Applecross Heritage Centre


It’s alive! A new website for the Applecross Heritage Centre is up and running. This one compliments the Applecross Historical Society’s site, and focuses more on specific projects and news related to the everyday work of the Heritage Centre. Stay tuned for updates!


For members, the past editions of the Applecross Historical Society newsletter are available here.


You can never be sure what the summit of the legendary/notorious road over Bealach na Bà is going to look like from one moment to the next during the winter. Here is a picture of 1991’s spectacular drift at the top, courtesy of Dr Alexander Gillies, with his old Cavalier to give an idea of scale!

Bealach in winter

World War I

As we all know, 2014 marks the beginning of commemorations of the outbreak of the Great War. Although much of the conflict was in places that were far away in terms of 1914 society, it affected Applecross as well as virtually every other Highland communities.

Pictured here are just some of the Applecross men who served: a group from the Ross Mountain Battery, at Woolaton Hall, home of the Middleton family, before being sent to join hostilities.
Miraculously, only one of these men were lost to the conflict – Willie MacKinnon in battle, although John Murchison never regained full health after being wounded and died in 1934.

Ross Mountain Battery

Back Row (l-r): Murdo MacDonald, Camustiel (son of Murdo Never); James Anderson, Shore Street; Finlay Macleod, Camustiel; Willie Mackinnon, Shore Street; Thomas Mackenzie, Keppoch; Kenneth MacRae, Toscaig; Alick Mackenzie, Toscaig; George MacDonald, Milltown; Allan Maclennan, Home Farm.

Front Row: George MacDonald, Ardubh; John Mackenzie, Toscaig; Kenneth Murchison, Toscaig; Roddy Kennedy, Toscaig; Willie Mackenzie, Camustiel; Duncan MacRae, Toscaig; Donald Mackenzie, Camustiel; Murdo Mackenzie, Keppoch; John Murchison, Camusterrach.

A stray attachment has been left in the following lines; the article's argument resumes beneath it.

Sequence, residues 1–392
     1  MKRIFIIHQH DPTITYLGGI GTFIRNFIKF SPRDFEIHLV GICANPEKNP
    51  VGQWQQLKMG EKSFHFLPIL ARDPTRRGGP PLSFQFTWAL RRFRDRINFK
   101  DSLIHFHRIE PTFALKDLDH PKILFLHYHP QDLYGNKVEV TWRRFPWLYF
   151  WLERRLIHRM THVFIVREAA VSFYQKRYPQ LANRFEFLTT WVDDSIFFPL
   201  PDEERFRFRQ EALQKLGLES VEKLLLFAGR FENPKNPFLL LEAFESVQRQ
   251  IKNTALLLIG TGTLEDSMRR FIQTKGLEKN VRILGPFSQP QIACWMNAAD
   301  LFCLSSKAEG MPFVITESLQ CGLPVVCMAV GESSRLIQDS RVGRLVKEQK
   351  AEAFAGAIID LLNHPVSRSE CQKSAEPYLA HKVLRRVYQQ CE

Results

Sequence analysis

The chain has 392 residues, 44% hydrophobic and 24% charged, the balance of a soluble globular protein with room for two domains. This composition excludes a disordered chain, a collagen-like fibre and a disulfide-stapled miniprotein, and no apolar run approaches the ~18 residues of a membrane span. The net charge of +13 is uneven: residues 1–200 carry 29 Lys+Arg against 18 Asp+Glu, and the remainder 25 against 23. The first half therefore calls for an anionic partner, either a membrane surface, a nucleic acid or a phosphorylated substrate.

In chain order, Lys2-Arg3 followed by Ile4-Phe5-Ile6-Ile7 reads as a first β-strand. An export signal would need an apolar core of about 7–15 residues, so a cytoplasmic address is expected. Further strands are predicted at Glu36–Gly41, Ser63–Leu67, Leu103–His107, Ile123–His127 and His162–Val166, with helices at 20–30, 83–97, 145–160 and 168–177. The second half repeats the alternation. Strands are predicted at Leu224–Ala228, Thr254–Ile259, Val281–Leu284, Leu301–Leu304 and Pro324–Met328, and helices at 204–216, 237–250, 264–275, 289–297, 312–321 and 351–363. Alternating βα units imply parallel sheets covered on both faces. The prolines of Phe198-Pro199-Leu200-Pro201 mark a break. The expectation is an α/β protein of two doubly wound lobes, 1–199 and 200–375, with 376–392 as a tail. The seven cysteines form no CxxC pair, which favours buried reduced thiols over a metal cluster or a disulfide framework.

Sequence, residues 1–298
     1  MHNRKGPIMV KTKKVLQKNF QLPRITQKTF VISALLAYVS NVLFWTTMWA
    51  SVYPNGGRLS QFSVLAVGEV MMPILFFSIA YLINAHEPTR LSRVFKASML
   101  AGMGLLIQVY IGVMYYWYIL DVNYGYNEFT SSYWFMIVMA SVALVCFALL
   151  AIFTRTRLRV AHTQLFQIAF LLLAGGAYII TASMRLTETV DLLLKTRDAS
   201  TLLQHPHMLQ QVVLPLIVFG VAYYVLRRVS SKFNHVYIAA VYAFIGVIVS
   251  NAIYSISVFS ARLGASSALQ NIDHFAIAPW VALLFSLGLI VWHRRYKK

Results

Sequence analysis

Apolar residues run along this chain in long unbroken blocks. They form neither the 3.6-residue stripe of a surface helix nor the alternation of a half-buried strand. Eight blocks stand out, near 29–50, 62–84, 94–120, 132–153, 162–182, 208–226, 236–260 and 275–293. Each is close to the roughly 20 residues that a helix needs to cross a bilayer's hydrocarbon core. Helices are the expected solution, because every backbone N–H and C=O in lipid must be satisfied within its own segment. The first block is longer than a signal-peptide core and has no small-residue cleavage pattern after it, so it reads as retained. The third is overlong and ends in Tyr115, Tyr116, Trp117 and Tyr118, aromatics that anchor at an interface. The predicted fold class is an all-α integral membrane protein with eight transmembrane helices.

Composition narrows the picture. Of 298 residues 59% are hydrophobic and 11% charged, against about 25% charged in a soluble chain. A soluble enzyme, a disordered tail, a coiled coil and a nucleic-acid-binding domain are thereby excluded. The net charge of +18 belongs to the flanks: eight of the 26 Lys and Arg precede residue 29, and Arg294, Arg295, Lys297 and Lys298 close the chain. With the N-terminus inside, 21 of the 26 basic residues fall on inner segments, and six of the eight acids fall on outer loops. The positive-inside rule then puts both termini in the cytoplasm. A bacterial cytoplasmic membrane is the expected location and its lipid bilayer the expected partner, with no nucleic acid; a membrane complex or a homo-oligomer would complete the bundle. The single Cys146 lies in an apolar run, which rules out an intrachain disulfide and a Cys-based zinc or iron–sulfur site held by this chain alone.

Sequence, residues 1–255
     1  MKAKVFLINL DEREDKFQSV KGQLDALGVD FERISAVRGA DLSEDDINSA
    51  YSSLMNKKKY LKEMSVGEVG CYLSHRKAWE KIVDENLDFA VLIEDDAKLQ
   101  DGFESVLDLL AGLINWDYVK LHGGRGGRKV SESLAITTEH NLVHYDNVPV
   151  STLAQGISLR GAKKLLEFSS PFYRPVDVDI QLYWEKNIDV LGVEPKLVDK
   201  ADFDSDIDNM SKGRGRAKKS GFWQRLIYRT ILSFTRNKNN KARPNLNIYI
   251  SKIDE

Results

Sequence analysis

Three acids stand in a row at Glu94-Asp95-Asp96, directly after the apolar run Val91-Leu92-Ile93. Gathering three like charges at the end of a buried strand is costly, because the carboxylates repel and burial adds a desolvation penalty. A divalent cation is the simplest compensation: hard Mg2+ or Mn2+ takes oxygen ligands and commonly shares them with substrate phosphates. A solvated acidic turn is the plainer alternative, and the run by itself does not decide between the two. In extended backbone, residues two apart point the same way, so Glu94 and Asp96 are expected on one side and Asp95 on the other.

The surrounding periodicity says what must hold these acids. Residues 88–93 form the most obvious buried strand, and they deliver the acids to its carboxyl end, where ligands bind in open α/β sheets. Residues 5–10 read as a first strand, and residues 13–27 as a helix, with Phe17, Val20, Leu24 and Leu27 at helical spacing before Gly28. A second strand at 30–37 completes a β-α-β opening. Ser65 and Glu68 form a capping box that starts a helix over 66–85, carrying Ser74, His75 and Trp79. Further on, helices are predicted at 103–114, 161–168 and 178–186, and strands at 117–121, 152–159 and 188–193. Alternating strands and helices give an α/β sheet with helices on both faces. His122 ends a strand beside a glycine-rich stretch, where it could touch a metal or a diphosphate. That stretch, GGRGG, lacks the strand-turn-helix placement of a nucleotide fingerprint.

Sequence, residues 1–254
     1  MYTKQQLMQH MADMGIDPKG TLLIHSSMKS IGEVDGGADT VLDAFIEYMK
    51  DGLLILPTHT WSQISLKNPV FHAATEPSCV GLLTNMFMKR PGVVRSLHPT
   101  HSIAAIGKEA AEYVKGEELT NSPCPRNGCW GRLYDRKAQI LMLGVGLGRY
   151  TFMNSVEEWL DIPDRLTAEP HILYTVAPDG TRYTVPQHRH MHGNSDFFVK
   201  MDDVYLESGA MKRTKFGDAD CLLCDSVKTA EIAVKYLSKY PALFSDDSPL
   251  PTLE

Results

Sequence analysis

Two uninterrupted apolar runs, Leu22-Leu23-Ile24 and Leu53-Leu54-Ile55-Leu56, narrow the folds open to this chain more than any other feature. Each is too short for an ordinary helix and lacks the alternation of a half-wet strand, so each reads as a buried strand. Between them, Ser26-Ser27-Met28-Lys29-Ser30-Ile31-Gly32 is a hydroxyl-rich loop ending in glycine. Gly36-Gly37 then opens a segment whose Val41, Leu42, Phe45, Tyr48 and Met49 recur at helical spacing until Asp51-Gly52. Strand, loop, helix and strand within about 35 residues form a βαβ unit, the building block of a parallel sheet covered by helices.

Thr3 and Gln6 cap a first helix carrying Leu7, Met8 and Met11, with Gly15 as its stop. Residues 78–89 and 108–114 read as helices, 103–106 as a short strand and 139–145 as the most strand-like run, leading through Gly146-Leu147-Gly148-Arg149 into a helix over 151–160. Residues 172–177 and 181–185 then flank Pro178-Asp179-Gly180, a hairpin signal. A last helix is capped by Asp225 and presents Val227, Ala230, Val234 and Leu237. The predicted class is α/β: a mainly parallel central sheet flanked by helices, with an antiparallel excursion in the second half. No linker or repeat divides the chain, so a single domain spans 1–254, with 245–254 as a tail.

Lessons from the past

A new addition to the collection of the Applecross Historical Society is a little pamphlet published in 1922, reproducing the ordination sermon of the famous Reverend Lachlan MacKenzie. The minister spoke in the old Clachan Church (which was replaced by the currently existing building in 1817), as he prepared to take up his charge.

The sermon is based on Hebrews 5, iv: “And no man taketh this honour to himself, but he that was called of God, as was Aaron.”

This little booklet is a nice link to the religious history of the area, especially as the 200th anniversary of the construction of Clachan Church draws near. MacKenzie’s opening shot in his sermon is to state that: “If people go to perdition in these days it is not for want of ministers. The clergy are likely to become soon as plentiful as the locusts in Egypt, and which of them is the greatest plague of the two, time and the experience of the Church will discover.”

He received an exhortation at the end, though, which was as brutal as it was supportive, emphasising that MacKenzie as a new minister should lead by example: “If you be a bad minister y’ill go to hell, if you be a good minister y’ill go to heaven.”

Lachlan MacKenzie Sermon